Tell them they played the wrong sport.

Tear it all down: why the NBA should eliminate the Draft Lottery

Last week, NBA commissioner Adam Silver fined Dallas Mavericks owner Mark Cuban $600,000 for what was labeled as making public comments deemed detrimental to the league.

While appearing on NBA legend Julius Irving’s podcast “House Calls with Dr. J”, Cuban acknowledged something that many have always known; some teams lose on purpose.



“I’m probably not supposed to say this,” Cuban said, “but, like, I just had dinner with a bunch of our guys the other night, and here we are, you know, we weren’t competing for the playoffs. I was like, ‘Look, losing is our best option.’”

Cuban tried to justify his position, but the damage was already done.

“Adam would hate hearing that, but I at least sat down and I explained it to them. And I explained what our plans were going to be this summer, that we’re not going to tank again. This was, like, a year-and-a-half tanking, and that was too brutal for me. “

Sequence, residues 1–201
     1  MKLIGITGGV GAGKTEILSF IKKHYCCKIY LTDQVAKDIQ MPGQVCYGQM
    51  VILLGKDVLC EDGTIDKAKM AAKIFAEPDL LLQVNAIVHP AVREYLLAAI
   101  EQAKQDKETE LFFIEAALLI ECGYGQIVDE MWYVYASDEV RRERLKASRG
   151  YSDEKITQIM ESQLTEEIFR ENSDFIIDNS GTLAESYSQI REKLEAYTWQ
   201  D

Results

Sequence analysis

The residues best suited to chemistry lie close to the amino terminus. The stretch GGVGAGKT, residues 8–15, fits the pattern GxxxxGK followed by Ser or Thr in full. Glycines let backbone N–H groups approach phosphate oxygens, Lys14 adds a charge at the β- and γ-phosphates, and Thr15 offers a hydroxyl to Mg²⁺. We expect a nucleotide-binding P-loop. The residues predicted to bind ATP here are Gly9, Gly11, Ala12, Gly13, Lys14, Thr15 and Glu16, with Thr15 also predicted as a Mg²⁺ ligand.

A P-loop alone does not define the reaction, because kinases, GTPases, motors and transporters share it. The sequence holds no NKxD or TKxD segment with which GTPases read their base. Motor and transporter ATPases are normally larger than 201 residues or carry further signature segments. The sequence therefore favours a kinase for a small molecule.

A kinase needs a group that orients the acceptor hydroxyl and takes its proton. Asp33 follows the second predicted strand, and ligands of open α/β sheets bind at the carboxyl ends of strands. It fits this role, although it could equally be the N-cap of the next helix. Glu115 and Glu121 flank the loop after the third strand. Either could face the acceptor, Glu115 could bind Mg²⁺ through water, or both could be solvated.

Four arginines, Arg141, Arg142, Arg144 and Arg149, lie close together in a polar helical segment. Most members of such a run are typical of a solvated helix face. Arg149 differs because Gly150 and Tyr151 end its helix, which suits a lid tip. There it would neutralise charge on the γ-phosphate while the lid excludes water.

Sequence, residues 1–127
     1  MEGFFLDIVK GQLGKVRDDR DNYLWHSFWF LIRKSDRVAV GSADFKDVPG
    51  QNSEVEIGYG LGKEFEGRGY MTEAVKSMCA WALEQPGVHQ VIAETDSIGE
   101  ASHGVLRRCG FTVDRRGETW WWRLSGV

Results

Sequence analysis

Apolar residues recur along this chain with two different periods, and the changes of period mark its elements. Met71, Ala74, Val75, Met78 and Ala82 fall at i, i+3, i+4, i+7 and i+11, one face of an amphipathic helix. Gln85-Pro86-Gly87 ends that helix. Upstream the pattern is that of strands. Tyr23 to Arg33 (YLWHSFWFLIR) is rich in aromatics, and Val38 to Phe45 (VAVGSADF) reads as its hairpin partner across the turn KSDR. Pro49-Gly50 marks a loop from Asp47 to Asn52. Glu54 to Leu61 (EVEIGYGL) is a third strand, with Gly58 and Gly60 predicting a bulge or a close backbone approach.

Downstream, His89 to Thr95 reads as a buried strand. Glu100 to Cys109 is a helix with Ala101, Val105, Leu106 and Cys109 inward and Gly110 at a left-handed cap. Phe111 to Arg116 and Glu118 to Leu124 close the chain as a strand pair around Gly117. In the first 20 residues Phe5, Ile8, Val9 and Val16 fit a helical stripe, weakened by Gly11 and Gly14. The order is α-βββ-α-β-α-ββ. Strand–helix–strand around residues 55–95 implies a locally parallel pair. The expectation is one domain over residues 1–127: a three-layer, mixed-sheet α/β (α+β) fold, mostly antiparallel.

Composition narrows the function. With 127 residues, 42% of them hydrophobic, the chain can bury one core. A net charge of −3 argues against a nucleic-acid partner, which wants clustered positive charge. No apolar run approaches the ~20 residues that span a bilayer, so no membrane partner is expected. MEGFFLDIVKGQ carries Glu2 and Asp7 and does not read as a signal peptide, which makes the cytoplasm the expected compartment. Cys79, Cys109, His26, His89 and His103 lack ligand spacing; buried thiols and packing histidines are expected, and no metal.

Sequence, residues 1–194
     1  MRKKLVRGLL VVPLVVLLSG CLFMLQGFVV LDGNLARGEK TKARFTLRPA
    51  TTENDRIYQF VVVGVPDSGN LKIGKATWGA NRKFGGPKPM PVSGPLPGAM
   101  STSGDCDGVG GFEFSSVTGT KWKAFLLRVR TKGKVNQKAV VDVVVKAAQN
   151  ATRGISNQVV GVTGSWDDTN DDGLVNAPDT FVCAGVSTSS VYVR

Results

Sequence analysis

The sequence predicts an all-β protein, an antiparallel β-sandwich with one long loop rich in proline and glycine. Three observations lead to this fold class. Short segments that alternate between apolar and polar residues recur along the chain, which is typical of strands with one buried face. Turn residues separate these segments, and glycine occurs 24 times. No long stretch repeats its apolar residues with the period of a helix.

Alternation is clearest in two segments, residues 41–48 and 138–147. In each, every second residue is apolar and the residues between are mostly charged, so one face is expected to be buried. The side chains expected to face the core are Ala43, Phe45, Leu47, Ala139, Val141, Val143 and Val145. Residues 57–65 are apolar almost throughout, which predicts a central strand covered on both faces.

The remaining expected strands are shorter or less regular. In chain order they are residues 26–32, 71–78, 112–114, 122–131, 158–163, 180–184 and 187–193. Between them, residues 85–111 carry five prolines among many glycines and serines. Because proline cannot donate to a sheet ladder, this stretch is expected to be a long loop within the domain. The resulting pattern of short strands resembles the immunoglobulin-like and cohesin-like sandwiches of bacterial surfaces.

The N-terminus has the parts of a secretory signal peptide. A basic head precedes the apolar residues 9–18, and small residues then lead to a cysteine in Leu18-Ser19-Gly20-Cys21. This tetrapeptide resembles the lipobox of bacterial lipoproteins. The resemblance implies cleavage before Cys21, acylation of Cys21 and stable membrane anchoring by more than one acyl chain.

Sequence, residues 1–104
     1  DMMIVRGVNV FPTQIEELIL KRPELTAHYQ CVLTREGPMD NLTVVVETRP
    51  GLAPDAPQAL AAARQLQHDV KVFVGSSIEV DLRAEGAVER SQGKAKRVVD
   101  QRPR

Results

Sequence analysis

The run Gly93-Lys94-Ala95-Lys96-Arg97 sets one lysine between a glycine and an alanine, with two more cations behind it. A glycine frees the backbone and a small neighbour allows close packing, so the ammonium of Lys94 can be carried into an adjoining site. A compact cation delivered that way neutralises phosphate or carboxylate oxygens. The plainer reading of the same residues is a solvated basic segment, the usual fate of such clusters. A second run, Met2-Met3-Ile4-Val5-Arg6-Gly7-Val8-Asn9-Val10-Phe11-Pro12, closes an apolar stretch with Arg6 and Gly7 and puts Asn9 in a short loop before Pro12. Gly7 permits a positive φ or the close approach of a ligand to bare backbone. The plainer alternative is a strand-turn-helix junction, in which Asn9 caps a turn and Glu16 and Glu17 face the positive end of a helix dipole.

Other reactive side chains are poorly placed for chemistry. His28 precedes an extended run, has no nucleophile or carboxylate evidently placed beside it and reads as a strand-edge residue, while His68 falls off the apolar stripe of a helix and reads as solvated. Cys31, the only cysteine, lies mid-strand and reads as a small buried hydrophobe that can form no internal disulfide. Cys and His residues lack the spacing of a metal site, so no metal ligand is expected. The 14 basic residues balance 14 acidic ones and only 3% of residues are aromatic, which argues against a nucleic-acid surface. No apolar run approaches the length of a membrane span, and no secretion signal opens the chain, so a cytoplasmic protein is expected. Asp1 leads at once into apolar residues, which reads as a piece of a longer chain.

Despite his attempt to walk back his admission, the league office still fined Cuban and issued a stern warning to all teams suspected of tanking;

“The latter (tanking) – which we have not found and hope to never see in the NBA – has no place in our game. If we ever received evidence that players or coaches were attempting to lose or otherwise taking steps to cause any game to result otherwise than on its competitive merits, that conduct would be met with the swiftest and harshest response possible from the league office.”


Zack Rosenblatt | For NJ Advance Media

Zack Rosenblatt | For NJ Advance Media